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Look to the Sky: Jupiter, Venus & Moon to Come Together

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If you're into planet watching, the next time this will happen is on Nov. 18, 2052. So best to take advantage this weekend:

Starting Thanksgiving evening, Jupiter and Venus will begin moving closer so that by Sunday and Monday, they will appear 2 degrees apart, which is about a finger width held out at arm's length, said Alan MacRobert, senior editor at Sky and Telescope magazine. Then on Monday night, they will be joined by a crescent moon right next to them, he said. [Associated Press]

For a local take on this event, Astronomical Observer Anthony Cook from The Griffith Observatory Sky Report has the scoop:

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This week brings the climax to the pairing of the brightest planets, Venus and Jupiter, in the evening sky. This spectacle is best seen at about 6:00 p.m., when the two planets are about 17 degrees above the southwest horizon. Jupiter is nearly 5 degrees to the upper left of brighter Venus on Wednesday night, the 26th. They continue to draw closer until they reach conjunction, their closest approach to each other, on Sunday night, November 30. The planets are then separated by just over two degrees. The grouping is made even more spectacular by the presence of the slender crescent moon, just 7 degrees below the planets. This trio will be at their most attractive on the next night, Monday, December 3, with Jupiter 2.2 degrees to the right of Venus, and the moon only 4 degrees to the upper right of the pair. On following nights, Jupiter will appear farther from Venus, moving down and to the right. The planets set at about 7:40 p.m.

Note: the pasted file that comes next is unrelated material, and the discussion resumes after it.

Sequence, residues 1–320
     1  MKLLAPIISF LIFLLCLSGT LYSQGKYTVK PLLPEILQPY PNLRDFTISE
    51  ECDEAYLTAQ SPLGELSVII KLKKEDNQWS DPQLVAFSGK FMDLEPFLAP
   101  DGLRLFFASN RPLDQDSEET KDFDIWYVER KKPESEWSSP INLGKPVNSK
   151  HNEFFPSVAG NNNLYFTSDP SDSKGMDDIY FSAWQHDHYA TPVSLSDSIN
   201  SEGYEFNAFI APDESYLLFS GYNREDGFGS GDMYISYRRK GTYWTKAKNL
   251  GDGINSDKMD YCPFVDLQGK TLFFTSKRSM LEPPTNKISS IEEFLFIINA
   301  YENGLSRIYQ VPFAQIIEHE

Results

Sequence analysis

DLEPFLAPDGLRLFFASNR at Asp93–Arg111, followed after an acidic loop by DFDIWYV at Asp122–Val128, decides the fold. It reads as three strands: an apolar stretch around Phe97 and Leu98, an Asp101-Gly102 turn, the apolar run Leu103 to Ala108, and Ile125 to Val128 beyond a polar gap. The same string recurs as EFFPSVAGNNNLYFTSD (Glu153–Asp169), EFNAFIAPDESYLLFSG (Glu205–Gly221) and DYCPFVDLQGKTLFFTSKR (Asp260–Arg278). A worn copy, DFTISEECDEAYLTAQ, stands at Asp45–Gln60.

He continues...

Later at night [Monday], the brightest star of the night time sky, Sirius, in Canis Major the Big Dog, sparkles 40 degrees high in the south at 2:00 a.m. Located to the south east of the belt of Orion, Sirius rises in the south east just before 9 p.m., and is low in the south west before dawn. Saturn, in Leo the Lion, rises in the east half an hour after midnight, and is well placed for telescopic viewing in the south east in the early morning hours, attaining a height of 54 degrees above the horizon when dawn starts at 5:11 a.m. The planet is now providing the best views of its nearly edge-on rings that will be visible until the year 2025.

Although this can probably be seen somewhat without the help of a telescope, the one at the Griffith Observatory is probably more fun. Cook says that "free public viewing of the sun during the day and of the moon, planets, and other celestial objects at night, is available through Griffith Observatory's telescopes until 9:45 p.m., every night-weather permitting-except Mondays, when the Observatory is closed."

And if you miss it all? Venus and the crescent moon only will happen again on New Year's Eve.

Photo by karthikkito via LAist Featured Photos on Flickr